It’s an estate’s biggest selling point – so which car is the ace of space?
Check out the data tables and you’ll see that the Peugeot has the biggest boot – with the seats folded, it will swallow an impressive 2,149 litres of luggage. But there are other reasons the 308 SW is a favourite family carrier.
A split tailgate allows the glass section to be lifted independently for small items, while the main hatch has the tallest opening of the group, making it perfect for moving large loads.
Versatility is further boosted by the option of an extra pair of seats. However, they don’t fold fully flat, so you have to remove them to maximise boot space. Taking them out is simple, although the suitcase-sized chairs are quite heavy and you wouldn’t want to move them too far.
Nevertheless, the middle row of seats slides, giving more luggage capacity or legroom as you need it. While the Peugeot has the biggest boot of our test cars, it’s the Renault that features the widest load area – with an extra 100mm between the wheelarches. As with its rivals, the Mégane’s bay is packed with useful cubbies, hooks and dividers. In the cabin, you’ll even find decent underfloor storage in the front footwells.
Yet the fittings don’t feel sturdy, and the boot-mounted load divider is unnecessarily complicated to use. The rear bench also seems flimsy when being folded. The squabs can be removed completely, which allows the backrests to sit perfectly flat – although you then need to store the bases somewhere when they are not in use.
While some parts feel cheap, the Renault does boast a folding front passenger seat, allowing you to use the whole length of the interior. The Skoda doesn’t have as many clever tricks up its sleeve, but it does feature a roomy interior and the longest boot with the seats in place. It has a low loading lip, too, meaning heavy items can be slid into the boot with ease. There’s also a large underfloor storage area, bag hooks, 12-volt socket and ski hatch.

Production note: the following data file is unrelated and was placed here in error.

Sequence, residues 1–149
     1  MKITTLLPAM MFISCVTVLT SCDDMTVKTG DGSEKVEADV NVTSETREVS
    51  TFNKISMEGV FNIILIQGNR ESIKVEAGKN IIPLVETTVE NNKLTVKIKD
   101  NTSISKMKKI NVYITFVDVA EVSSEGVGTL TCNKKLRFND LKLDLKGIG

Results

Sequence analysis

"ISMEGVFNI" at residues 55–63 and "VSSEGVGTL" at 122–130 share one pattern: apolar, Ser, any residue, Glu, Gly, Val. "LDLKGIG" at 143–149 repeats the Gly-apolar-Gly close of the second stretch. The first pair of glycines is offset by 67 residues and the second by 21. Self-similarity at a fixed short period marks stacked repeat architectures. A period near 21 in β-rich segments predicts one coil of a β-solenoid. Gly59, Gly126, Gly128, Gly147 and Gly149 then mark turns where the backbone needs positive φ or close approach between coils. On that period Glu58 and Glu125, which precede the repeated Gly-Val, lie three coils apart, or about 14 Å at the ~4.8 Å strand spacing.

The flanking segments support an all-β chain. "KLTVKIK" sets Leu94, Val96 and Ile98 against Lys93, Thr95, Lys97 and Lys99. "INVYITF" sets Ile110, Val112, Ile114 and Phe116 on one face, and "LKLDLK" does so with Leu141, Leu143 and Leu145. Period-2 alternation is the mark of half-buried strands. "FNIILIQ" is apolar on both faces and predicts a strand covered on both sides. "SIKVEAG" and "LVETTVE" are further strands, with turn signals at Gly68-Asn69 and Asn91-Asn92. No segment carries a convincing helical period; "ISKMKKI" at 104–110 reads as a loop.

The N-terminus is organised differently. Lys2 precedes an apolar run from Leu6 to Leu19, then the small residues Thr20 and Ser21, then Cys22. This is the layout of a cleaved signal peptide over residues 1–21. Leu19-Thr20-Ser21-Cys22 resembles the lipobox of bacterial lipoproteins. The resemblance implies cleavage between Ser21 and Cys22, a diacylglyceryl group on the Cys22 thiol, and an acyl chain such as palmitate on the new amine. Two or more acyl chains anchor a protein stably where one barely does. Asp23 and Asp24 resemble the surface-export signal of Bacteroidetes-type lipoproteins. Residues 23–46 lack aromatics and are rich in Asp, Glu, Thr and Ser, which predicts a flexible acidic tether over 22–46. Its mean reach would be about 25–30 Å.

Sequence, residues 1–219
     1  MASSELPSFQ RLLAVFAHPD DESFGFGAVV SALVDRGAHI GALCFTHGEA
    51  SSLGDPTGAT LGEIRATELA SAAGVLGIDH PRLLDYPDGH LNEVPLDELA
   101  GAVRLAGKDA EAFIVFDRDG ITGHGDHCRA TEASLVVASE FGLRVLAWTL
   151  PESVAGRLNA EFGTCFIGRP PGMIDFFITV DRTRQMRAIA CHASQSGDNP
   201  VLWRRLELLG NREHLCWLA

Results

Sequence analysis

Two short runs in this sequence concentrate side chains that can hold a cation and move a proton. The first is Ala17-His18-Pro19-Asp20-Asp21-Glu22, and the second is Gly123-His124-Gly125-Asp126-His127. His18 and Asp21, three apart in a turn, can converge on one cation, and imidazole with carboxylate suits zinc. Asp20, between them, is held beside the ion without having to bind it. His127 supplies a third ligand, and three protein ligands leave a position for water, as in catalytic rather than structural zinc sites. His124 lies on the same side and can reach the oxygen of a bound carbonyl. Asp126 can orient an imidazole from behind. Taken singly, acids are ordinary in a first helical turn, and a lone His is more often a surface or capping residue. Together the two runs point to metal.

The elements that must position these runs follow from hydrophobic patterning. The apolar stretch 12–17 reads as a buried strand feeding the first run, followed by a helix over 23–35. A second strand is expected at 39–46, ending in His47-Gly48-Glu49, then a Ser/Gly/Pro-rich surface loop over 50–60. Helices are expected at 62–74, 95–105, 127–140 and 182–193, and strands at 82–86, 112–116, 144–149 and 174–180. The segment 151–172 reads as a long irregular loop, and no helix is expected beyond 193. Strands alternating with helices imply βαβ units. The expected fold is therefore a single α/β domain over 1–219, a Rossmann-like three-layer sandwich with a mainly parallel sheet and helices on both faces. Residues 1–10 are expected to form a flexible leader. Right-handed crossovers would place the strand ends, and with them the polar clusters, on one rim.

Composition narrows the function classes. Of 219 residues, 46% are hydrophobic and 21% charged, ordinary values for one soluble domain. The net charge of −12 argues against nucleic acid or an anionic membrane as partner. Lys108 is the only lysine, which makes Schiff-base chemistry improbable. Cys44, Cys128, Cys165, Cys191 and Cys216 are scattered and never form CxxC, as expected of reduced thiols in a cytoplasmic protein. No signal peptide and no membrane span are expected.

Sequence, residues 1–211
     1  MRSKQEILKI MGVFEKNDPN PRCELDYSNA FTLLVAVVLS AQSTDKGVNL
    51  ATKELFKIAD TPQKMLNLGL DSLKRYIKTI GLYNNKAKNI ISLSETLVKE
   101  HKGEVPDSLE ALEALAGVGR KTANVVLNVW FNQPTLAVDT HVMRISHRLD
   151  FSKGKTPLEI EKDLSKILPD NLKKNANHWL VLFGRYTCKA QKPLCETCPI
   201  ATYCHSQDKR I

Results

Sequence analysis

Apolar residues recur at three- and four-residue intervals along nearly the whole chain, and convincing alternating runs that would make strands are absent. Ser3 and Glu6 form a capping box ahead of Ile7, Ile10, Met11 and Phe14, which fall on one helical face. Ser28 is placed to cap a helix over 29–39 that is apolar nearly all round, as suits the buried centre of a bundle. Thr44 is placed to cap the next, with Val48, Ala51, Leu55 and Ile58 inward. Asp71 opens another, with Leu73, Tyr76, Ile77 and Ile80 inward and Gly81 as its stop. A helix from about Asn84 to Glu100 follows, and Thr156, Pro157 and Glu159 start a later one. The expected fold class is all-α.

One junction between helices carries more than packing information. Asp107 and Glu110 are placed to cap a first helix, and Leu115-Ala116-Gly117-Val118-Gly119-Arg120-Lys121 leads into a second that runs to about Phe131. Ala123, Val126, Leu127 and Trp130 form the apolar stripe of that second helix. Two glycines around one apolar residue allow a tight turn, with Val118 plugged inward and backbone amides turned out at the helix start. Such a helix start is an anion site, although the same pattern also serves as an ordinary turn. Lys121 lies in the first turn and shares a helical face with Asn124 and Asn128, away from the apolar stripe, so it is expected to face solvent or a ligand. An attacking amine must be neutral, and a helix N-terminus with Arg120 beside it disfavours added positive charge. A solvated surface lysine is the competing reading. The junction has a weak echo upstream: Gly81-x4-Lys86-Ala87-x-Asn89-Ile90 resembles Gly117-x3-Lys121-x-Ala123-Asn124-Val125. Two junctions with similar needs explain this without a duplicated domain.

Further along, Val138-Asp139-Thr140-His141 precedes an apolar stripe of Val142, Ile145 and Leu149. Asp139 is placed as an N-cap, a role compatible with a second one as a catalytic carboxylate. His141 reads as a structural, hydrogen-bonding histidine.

Fold the rear bench flat and you’ll find a well trimmed, 1,620-litre boot. The Skoda also has the most robust load cover of the group. As with the front of the cabin, the business end of the Golf estate is particularly nicely finished and sturdy.
In isolation, its carrying capacity of 1,495 litres seems impressive, but it can’t match the larger volumes delivered by its rivals. The same is true of the rear seats, because the German car offers the least amount of space in the back of the models on test. On the plus side, the tailgate lifts to reveal a wide opening and low lip. The VW has all the equipment you would expect from a load carrier, including an auxiliary power socket, a ski hatch, covered side compartments and bag hooks. But this isn’t enough for it to take the spoils in the practicality stakes.
Ratings 308 SW 5/5 The Peugeot is the most versatile car here. It offers seven seats, a split-opening glass tailgate, picnic tables and the largest load space of our contenders. However, that extra row of seats reduces capacity, and the fittings feel cheap.
Megane 5/5 With a wide boot, folding passenger seat and plenty of stowage options, the Renault is the finest load carrier. Rear legroom is good, too, but build quality isn’t up there with that of the Skoda or Volkswagen.
Octavia 4/5 while the Skoda doesn’t stand out in any particular area, it’s a strong all-round choice. A large luggage space, decent rear room and a pleasingly trimmed boot give good versatility. Plus, there’s a low load lip, lots of storage solutions and the seats fold easily.
Golf 4/5 If you’re looking for the best finished luggage area, the Golf leads the way in this group. However, even the diverse array of storage solutions doesn’t hide the fact that it can’t match the load capacity of its rivals.
In this review
- 1IntroductionVW’s latest Golf is one of our favourite family hatches. But can the estate version dominate in the same way? We find out as it meets its key rivals from Skoda, Renault and Peugeot.
- 2GreenStrong eco credentials are key on any estate as family buyers strive to keep their costs down.
- 3DrivingDoes Golf estate offer ride and handling to match hatch – and beat rivals here?
- 4Practicality - currently readingIt’s an estate’s biggest selling point – so which car is the ace of space?
- 5InteriorQuality and durability are key for any family car’s cabin
- 6StylingVersatility doesn’t have to come at the expense of good looks.
- 7Facts and figures